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Wuthering Heights is the name of Mr. Heathcliff's dwell- ing. 'Wuthering' being a significant provincial adjective, descriptive of the atmospheric tumult to which its. Download our free ePUB, PDF or MOBI eBooks to read on almost any device — your desktop, iPhone, iPad, Android phone or tablet, Wuthering Heights. Wuthering Heights by Emily Bronte. The Project Gutenberg Etext of Wuthering Heights by Emily Bronte #2 in our series by the Bronte sisters.
I bestow my own attributes over-liberally on him. This is a novel that you will remember for a lifetime. Learn more and more, in the speed that the world demands. His name is Lockwood, and he is a tenant of a man named Heathcliff. The Great Gatsby F. Maybe you need to give reviewers some advice about the document's status or sensitivity.
Pride and Prejudice Jane Austen.
Frankenstein Mary Shelley. Great Expectations Charles Dickens.
Anna Karenina Leo Tolstoy. Heart of Darkness Joseph Conrad. A Christmas Carol Charles Dickens. Tender is the Night F. Joseph was an elderly, nay, an old man: Wuthering Heights is the name of Mr. Heathcliff's dwelling.
Pure, bracing ventilation they must have up there at all times, indeed: Happily, the architect had foresight to build it strong: Before passing the threshold, I paused to admire a quantity of grotesque carving lavished over the front, and especially about the principal door; above which, among a wilderness of crumbling griffins and shameless little boys, I detected the date ',' and the name 'Hareton Earnshaw.
One stop brought us into the family sitting-room, without any introductory lobby or passage: It includes kitchen and parlour, generally; but I believe at Wuthering Heights the kitchen is forced to retreat altogether into another quarter: One end, indeed, reflected splendidly both light and heat from ranks of immense pewter dishes, interspersed with silver jugs and tankards, towering row after row, on a vast oak dresser, to the very roof.
The latter had never been under-drawn: Above the chimney were sundry villainous old guns, and a couple of horse-pistols: The floor was of smooth, white stone; the chairs, high-backed, primitive structures, painted green: In an arch under the dresser reposed a huge, liver-coloured bitch pointer, surrounded by a swarm of squealing puppies; and other dogs haunted other recesses.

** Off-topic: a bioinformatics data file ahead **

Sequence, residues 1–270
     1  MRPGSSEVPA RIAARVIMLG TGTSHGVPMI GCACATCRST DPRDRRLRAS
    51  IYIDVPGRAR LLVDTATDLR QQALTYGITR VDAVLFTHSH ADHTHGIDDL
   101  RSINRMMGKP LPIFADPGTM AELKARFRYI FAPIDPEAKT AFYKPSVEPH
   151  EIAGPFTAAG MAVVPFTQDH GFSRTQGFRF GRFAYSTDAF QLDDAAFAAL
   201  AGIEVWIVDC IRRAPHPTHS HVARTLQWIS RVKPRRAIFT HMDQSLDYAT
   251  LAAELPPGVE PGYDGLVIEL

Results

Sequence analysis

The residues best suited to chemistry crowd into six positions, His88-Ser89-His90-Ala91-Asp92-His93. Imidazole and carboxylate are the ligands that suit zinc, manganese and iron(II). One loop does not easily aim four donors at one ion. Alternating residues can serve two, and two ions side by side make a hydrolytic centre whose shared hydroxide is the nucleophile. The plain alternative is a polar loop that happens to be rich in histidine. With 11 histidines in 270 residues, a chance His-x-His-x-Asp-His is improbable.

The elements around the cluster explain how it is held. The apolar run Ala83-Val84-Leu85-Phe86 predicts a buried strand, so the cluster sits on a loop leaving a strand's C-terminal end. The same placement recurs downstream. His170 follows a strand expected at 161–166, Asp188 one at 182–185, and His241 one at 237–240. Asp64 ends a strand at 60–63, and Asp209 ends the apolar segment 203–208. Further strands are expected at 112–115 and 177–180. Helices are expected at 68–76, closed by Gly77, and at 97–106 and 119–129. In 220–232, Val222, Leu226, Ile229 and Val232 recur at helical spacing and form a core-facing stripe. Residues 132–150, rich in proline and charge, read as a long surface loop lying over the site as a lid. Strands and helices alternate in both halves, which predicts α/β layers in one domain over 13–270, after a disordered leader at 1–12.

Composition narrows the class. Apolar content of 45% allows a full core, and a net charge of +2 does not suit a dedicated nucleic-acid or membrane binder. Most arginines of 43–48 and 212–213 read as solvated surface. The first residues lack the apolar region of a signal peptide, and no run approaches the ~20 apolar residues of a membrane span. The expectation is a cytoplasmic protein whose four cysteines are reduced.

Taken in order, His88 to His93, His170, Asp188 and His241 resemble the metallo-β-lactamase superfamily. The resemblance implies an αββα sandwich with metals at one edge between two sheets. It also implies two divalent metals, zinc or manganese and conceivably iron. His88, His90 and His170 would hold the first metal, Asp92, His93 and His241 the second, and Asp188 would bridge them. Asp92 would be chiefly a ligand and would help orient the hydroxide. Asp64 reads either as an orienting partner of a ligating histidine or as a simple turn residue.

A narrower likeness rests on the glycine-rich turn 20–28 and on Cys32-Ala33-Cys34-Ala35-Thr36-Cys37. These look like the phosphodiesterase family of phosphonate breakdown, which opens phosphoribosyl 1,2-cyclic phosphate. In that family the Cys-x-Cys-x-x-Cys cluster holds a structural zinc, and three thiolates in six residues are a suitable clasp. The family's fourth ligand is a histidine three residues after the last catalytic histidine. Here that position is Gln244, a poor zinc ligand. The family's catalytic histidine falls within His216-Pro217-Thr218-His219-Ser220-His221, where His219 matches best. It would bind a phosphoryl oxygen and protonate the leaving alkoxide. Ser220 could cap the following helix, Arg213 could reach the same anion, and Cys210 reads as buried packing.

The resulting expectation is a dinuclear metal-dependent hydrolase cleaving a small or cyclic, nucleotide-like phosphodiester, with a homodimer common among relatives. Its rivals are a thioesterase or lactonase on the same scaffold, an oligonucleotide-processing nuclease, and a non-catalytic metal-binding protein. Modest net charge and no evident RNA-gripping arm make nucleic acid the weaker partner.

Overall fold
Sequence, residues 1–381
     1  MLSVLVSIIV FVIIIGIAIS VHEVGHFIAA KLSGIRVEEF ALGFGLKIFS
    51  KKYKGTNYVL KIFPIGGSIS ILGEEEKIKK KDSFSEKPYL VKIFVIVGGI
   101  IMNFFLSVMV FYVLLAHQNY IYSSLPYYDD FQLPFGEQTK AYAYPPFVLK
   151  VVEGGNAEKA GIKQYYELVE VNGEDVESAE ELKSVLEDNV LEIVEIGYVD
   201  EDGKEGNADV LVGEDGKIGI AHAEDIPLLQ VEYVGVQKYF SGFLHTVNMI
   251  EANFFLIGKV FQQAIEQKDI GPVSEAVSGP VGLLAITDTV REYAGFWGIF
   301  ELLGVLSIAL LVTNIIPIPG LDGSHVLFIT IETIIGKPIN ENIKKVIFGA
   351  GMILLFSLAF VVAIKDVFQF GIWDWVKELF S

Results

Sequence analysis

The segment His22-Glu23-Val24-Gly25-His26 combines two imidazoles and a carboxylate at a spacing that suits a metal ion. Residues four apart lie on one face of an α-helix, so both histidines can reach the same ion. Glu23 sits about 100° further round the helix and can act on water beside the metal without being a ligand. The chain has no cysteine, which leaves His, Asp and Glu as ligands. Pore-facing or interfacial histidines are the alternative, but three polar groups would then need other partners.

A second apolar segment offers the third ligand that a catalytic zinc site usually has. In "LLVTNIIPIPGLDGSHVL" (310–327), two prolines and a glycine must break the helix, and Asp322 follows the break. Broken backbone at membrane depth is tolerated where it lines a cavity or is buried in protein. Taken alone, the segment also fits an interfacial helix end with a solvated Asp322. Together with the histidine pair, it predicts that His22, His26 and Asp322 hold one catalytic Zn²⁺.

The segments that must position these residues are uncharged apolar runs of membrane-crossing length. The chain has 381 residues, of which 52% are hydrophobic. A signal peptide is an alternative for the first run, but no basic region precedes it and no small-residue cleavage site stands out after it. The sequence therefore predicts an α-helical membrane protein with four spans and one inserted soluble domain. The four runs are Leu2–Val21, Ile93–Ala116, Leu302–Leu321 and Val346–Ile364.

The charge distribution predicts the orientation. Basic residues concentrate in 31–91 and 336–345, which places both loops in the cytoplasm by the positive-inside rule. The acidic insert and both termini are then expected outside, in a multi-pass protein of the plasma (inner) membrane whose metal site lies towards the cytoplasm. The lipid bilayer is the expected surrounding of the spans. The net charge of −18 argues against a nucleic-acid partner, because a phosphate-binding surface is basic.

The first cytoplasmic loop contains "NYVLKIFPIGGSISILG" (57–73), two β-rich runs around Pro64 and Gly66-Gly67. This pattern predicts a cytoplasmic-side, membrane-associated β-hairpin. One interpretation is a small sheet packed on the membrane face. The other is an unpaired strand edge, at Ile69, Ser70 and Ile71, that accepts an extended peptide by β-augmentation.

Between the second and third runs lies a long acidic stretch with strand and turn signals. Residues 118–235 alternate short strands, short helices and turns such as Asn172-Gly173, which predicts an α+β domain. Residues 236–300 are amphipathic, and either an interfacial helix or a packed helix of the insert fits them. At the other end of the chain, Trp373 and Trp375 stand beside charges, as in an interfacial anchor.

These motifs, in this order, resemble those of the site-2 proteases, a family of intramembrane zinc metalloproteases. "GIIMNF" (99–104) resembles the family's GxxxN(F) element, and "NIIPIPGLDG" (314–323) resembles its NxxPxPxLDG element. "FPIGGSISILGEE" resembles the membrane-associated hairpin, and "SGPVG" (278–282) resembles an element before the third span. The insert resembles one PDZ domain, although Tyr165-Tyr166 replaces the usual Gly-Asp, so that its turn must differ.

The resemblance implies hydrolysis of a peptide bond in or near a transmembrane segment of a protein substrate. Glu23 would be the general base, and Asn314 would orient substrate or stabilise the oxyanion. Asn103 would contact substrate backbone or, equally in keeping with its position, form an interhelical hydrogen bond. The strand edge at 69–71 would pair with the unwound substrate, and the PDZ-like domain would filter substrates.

The apartment and furniture would have been nothing extraordinary as belonging to a homely, northern farmer, with a stubborn countenance, and stalwart limbs set out to advantage in knee- breeches and gaiters.
Such an individual seated in his arm-chair, his mug of ale frothing on the round table before him, is to be seen in any circuit of five or six miles among these hills, if you go at the right time after dinner.
But Mr. Heathcliff forms a singular contrast to his abode and style of living.
It is one of the best books I have had the opportunity to put on my reading shelf. Emily Bronte was a British writer, who has published only one novel during her lifetime: She was the second eldest of three sisters all of whom writers and published under a masculine pen name: Ellis Bell.
As you open the covers of this book, you can immediately feel the breeze of darkness coming out of it. His name is Lockwood, and he is a tenant of a man named Heathcliff. As Lockwood meets with Heathcliff and his scary dog, we immediately judge his landlord as a person of ill and unsociable nature.
But how can a person become that way?
How can he evidently hate people so much? Knowing that something terrible must have happened to her master for him to become like that, he begs her to tell him his story.
Earnshaw was the owner of Wuthering Heights. He was a good man, and one day, coming back from Liverpool, he brought home an orphan named Heathcliff.
Earnshaw has two other children: Hindley and Catherine, whom Heathcliff grows up with. However, his childhood is not easy. Although he is not on the streets anymore and has a family, he is not welcomed by Mr.
On the other hand, his daughter, Catherine, really seems to like him. Earnshaw dies, and Hindley is left as the owner of the Heights. But nothing lasts forever, and so their wild games end at one moment — the moment when Catherine meets the Lintons. Catherine meets Edgar and Isabella Linton after she gets into an accident and they tend to her.